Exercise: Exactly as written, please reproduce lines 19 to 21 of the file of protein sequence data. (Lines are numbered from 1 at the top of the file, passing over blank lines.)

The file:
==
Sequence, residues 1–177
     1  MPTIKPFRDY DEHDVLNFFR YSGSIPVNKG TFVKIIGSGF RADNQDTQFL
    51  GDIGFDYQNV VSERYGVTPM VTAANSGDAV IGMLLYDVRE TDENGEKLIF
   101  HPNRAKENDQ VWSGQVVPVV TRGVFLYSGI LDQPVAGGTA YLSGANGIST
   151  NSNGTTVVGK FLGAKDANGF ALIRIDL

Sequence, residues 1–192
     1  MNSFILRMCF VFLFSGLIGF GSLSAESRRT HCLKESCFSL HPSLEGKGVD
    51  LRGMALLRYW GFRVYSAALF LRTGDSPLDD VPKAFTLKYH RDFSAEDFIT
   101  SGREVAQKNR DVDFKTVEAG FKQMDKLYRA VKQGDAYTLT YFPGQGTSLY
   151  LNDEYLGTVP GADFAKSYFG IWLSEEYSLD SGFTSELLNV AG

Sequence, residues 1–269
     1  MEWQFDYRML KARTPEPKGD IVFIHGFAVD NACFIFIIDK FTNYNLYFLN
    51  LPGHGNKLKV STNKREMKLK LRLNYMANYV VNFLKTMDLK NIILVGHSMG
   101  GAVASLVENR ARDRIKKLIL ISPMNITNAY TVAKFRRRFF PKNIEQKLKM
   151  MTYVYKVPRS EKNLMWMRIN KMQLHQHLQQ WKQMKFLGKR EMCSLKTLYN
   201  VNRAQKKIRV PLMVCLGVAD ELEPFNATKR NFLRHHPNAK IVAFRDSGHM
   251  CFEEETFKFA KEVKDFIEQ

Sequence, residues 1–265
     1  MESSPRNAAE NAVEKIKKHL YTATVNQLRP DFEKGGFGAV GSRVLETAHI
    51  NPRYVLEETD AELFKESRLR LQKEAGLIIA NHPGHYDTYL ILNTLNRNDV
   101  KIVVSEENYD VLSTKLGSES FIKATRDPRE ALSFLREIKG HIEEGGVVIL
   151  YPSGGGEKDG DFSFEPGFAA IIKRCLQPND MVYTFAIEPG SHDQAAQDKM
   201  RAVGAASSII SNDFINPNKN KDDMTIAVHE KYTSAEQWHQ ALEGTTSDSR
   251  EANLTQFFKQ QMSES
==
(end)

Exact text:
     1  MESSPRNAAE NAVEKIKKHL YTATVNQLRP DFEKGGFGAV GSRVLETAHI
    51  NPRYVLEETD AELFKESRLR LQKEAGLIIA NHPGHYDTYL ILNTLNRNDV
   101  KIVVSEENYD VLSTKLGSES FIKATRDPRE ALSFLREIKG HIEEGGVVIL